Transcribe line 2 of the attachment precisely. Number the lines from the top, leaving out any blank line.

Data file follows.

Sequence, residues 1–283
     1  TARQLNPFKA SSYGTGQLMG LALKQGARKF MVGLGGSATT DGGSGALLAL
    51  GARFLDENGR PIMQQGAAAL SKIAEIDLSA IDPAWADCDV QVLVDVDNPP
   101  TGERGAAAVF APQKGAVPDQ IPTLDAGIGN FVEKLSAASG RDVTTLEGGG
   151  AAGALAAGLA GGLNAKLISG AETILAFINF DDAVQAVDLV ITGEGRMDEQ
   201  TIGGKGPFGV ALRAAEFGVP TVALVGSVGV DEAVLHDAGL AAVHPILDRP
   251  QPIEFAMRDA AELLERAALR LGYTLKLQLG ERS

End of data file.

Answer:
     1  TARQLNPFKA SSYGTGQLMG LALKQGARKF MVGLGGSATT DGGSGALLAL